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Discussion Starter #1
I was thinking, should I replace them while the engine is broken down? Since I am doing a complete rebuild, and as far as I know they have never been replaced. If they are orginal then thay would be about 17 years old

What kind of break in would they require if replaced?
Thanks.
 

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Best way to judge that is to take an honest look at what kinda shape are the journals/bearings in.

Pick up some Plastigauge; if the clearances check out and the inserts are in good condition, why bother?

On the other hand, if the engine's seen plenty of service there's probably never going to be a better time to freshen up the lower end. How many miles, and how much do you know about the way it was ridden?

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Discussion Starter #3
I don't know how it was ridden before me, but it does have around 19,000 miles. Don't know for sure since everything is scattered around the garage.
What is plastigauge? I have never heard of that.
 

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Discussion Starter #4
The more I think about it I should probally go ahead and replace them while the engine is broken down. I will start hunting for prices.
Is there anything else I should replace on the bottom end while its apart? Anything I should take a close look at?
Thanks.
 

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You're probably making the right choice to replace them- especially the rod bearings.

Plastigauge is available at many auto-parts stores; it comes as thin filaments of plastic of several sizes. The diameter of the filament is closely controlled.

You use the stuff by placing a small piece into the bearing on top of the journal... button the assembly back up and bring the fasteners up to whatever the normal torque value should be. Take the assembly back apart; the plastic filament will have crushed... don't move or disturb it for the moment.

From here, it's simple... there's a printed strip down the side of the Plastigauge package; hold it up against the crushed strip of filament... by matching the printed bands with the size of the crushed filament you can directly read the bearing clearance with good accuracy.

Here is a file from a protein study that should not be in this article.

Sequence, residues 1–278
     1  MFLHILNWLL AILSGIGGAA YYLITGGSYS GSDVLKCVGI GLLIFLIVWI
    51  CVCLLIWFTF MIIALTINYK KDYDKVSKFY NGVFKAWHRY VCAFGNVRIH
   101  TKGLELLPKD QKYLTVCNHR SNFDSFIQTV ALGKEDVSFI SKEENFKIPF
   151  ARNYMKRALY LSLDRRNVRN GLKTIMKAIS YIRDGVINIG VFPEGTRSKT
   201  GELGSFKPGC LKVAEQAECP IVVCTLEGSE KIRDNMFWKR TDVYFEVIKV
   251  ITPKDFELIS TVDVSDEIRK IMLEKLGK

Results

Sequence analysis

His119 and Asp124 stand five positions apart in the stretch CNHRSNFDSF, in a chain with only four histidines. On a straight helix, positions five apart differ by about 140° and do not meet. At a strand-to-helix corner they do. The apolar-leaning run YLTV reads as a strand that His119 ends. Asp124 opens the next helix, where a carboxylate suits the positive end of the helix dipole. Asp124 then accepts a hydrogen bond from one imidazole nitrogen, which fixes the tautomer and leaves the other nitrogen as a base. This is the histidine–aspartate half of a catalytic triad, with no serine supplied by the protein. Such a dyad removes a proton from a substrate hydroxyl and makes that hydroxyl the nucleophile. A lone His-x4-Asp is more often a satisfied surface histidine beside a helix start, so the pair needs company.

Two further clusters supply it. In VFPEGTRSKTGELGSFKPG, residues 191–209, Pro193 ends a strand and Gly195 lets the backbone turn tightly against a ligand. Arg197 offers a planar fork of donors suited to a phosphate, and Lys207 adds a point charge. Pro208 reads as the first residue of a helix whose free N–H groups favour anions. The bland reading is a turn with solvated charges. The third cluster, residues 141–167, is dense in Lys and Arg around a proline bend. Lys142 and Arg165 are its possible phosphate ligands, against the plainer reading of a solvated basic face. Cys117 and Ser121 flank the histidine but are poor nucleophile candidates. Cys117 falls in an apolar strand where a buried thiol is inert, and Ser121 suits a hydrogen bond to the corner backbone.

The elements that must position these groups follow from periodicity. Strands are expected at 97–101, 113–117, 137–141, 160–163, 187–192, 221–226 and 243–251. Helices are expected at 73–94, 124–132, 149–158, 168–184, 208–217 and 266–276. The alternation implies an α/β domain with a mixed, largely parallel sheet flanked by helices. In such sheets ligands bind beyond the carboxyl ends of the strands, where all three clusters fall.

The stuff is very inexpensive, so get a pack each of the two or three sizes you'll need to be able to go from 0.001" up to around 0.006".

I've never used one but I understand that Suzuki dealers do have a bearing-shell kit (packed in a suitcase of some sort)... not sure what the form is or whether it's something they'd loan out (probably depends on how well you know them). If you know what sizes you need based on the clearances (there will be a bearing code stamped into the engine cases, you'll need that info too) you shouldn't have any trouble.

If you're going to do the work yourself I'd advise picking up a decent-quality 2" micrometer to be able to check the diameters of the journals against the service limit.

Ed

[ 11-06-2001: Message edited by: gsxr1198 ]</p>
 

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most definitely replace the bearings since you have the motor apart!!! bearings are cheap compared to a crank or rods..you should not have more than 150-200 in all new bearings...
 

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If I had the motor apart, I would replace them even if they looked good.
 

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I would replace the bearings too. I won't cost you that much. I've used the suzuki bearing kit before. It has enough of all the different bearings to do the whole motor in each size

The parts manager wouldn't lend it out though. He said the dealership was charged for all the bearings and then when they send the kit back they refund the dealer for the unused bearings. If you have a service manual you can easily find the bearings you need by looking at the codes stamped into the cases, crank, and rods.

Don't forget to check out your trans while it's apart.
 

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Discussion Starter #9
What should I look for in the tranny? Just wear and tear or anything paticular?
 

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Look at the gear's on the output shaft. The engagement dogs on the gears should be flat and have no rounded edges. Also check out the shift forks and the shift drum. If your tranny hasn't been back-cut I would recommend you have it done. This will prevent future headaches
 

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some call it back cut and others call it under cut just depending what part of the countruy you are from...it's all the same..i agree with edster get it cut and that will prevent any problems in the future as far as your tranny goes...r&d transmissions are the best in my opinion but you can ask around for other shops that can do that kind of work...
 

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Discussion Starter #13
What do undercut tranny gears look like? I think they might have already been done. I there an easy way to find out?
 

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The bearings are up to you, I've seen sevral motors that were run well in excess of 80,000 miles and the bearings were perfect. Suzuki Totally over engineered the lower end (The whole friggin motor actually)

On the subject of the tranny. Buy a New second Gear, the original ones were junk and prone to exploding whenever the felt the need. The new gear that comes from Suzuki is a retrofit and wil last quite a while
 
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